LeaveHQ, 01/03/2016  
 



In his first intervention in the referendum debate, Peter Mandelson, the Labour peer and former Trade Commissioner, claims that the UK could not only lose access to the single European market but could also lose the EU’s preferential trading status in foreign markets if the UK pulls out of the European Union. He also asserts that British exporters would face trade tariffs of up to 20 per cent on goods such as cars, whisky, pharmaceuticals and fashion sold around the world.

In retaliation, he warns, the UK might also have to raise tariffs on imported goods – pushing up the cost of foreign imports – while new trade deals are agreed. This he claim “would be harder” than those in favour of Brexit think, as after years in the EU the UK has “no real trade negotiating capacity”.

Now, unless Lord Mandelson's appointment to the EU was largely a political sinecure to keep him out of the way (we couldn't possibly comment), it is unlikely that a man of his stature and reputed intelligence could be this ignorant. From an MP or MEP, perhaps yes, we could write it off as run of the mill stupidity, but not so here. What we are looking at here is a grotesque distortion. 

Firstly we note that magic word "could". If we leave the EU, all sorts of things could happen, but in this case, the probability of such occurring is next to, if not, absolute zero. 

The only way this could happen is if we left the single market as well as the EU and left unilaterally without invoking Article 50 of the Lisbon Treaty. To do that would require a repeal of Section 2 of the European Communities Act, which last time we checked requires one of those parliamentary vote things. Given how obviously suicidal this is, nobody sane would propose it, and if they did, parliament would rightly block it. 

That means we will leave via Article 50. For tariffs to go up, we would have to leave the EU without first having secured a free trade deal. Mandelson has it that the UK has “no real trade negotiating capacity” - which is wholly offensive - but if that is true then it speaks to just how corrosive our EU membership is.

But then the whole point of leaving by Article 50 (apart from it being the legal instrument we've agreed to) is that it is the only instrument that compels the EU to negotiate an exit settlement. In this, it is more than reasonable to assume that neither the EU nor the UK wants to see an end to the relationship on less than amicable terms. To leave without a trade agreement at the very least would cause a toxic shock that would have far reaching ramifications for both parties, as well as knocking confidence in the still fragile Euro.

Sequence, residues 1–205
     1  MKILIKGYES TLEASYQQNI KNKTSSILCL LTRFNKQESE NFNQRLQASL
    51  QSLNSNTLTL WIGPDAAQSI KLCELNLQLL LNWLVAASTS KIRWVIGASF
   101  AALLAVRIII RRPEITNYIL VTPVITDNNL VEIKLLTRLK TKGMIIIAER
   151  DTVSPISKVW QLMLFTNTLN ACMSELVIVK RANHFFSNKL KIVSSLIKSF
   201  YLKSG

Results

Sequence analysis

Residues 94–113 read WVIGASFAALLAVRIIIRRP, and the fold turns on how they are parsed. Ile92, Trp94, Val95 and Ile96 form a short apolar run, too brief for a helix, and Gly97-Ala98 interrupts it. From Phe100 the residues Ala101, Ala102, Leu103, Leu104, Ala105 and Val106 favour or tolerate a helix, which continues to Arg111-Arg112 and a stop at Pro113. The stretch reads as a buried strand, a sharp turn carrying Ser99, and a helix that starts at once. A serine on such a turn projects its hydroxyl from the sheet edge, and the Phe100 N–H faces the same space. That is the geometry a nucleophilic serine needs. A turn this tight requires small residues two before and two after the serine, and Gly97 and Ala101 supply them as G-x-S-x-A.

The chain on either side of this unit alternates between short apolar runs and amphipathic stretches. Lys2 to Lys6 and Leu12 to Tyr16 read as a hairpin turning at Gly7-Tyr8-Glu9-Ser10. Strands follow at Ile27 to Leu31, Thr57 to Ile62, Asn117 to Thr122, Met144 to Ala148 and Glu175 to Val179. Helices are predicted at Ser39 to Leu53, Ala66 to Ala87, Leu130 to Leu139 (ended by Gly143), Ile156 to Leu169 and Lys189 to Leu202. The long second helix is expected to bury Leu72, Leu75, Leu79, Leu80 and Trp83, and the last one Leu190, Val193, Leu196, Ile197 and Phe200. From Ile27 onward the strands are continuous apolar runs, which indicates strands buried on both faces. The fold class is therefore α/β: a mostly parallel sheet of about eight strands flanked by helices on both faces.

Therefore, we start from the position that all parties are negotiating in good faith, will necessarily be risk averse, and will seek to conclude an agreement as quickly as possible to remove uncertainty. Everybody wants this done with the least amount of fuss, the least amount of uncertainty and maximum continuity of trade. 

As many have now pointed out, including Mandelson, a bespoke agreement inside two years (as mandated under Article 50) is just not going to happen. That means, we will look at as many existing legal constructs as possible. The EU will not be keen to replicate the tangled mess of the Switzerland model, nor will it be in any hurry to engineer any special UK exemptions lest it precipitate more member states voting to leave the EU.

In that regard, it is most likely that the European Economic Area will be the default option. It addresses the matter of leaving the EU while ensuring continuity, while requiring no special exemptions not already enjoyed by non-EU EEA members. That means the single market is protected. 

This will likely be accepted without challenge in that as much as neither side wants any headaches, it will also be negotiated by a government that doesn't actually want to leave - so will opt for the relationship that most resembles EU membership.